A recent SunGard Insights study reveals disparities when comparing perceptions about treasury Shared Service Centre (SSC) levels and capabilities. According to the study, 40% of respondents whose businesses are serviced by the SSC felt that it was not meeting their Service Level Agreements (SLAs), while 3.4% of respondents working from within the SSC identified that this was a problem.
Additionally, 36.5% of the respondents whose businesses are supported by the SSC state that they are dissatisfied with service level results while only 19.7% of the respondents from within the SSC report the same perception.
The predominant underlying issues in these gaps are lack of communication, workflow and visibility, all of which can be mitigated through recent technology advancements such as online portals, workflow tools and sophisticated reporting functionality.
The study also reveals a shift in the drivers for migrating to an SSC. Companies are realising that they can derive more value from their SSC and operate smarter and more efficiently if they are able to standardize processes and improve on those processes with technology.
Compared to a similar SunGard study from 2010, the driver to operate more strategically by standardising operations grew from 11.8% in 2010 to 21.2% in 2013. For those companies with mature SSCs, when asked what they would do differently when setting up an SSC, 58.9% of respondents said they would standardize processes and 53.5% said they would implement technology.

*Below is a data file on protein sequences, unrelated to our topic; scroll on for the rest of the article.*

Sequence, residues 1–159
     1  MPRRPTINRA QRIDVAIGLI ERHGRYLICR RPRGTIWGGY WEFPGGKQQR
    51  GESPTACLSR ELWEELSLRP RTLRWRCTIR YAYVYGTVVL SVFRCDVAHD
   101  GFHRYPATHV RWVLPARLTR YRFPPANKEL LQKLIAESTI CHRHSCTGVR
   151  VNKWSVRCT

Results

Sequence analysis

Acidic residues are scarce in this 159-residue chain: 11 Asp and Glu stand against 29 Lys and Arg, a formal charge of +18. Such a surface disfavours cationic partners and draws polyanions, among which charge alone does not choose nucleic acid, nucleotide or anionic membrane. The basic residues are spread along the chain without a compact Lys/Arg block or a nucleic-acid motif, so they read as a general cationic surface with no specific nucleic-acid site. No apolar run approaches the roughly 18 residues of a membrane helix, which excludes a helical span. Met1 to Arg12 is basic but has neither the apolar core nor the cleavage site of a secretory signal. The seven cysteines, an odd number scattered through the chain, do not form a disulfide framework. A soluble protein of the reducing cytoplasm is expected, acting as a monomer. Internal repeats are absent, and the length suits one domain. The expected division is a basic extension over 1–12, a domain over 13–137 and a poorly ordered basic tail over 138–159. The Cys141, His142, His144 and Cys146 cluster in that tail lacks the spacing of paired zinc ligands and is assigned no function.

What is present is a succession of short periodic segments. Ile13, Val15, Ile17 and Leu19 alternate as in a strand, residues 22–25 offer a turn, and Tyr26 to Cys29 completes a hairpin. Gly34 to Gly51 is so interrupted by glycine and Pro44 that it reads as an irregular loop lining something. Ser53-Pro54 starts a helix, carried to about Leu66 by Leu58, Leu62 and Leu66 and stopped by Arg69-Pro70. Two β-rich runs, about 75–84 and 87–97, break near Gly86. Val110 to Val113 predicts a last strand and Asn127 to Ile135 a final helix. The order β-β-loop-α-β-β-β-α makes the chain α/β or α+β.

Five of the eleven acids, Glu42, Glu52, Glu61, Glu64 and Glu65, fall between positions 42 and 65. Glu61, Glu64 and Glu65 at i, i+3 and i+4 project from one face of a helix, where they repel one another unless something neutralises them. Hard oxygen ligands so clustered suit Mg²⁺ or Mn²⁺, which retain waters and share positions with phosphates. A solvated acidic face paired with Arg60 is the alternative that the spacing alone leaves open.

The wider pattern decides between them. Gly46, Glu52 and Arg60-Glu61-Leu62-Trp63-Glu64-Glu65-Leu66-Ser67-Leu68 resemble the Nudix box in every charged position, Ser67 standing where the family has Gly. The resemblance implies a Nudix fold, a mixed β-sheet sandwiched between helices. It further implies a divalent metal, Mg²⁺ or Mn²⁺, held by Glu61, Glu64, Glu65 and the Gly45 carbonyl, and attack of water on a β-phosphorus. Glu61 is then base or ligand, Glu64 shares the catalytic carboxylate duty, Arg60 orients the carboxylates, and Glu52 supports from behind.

“When a shared service center is created, all too often we see the center adopt some level of automation, but it tends to reside only within the core," says C.J. Wimley, COO, SunGard’s Corporate Liquidity business. "As a best practice, the entire enterprise needs to be linked together through a single, centralized platform. By creating dashboards, business process automation and enterprise wide collaboration companies can operate smarter and see a dramatic improvement in the effectiveness of a shared service centre.”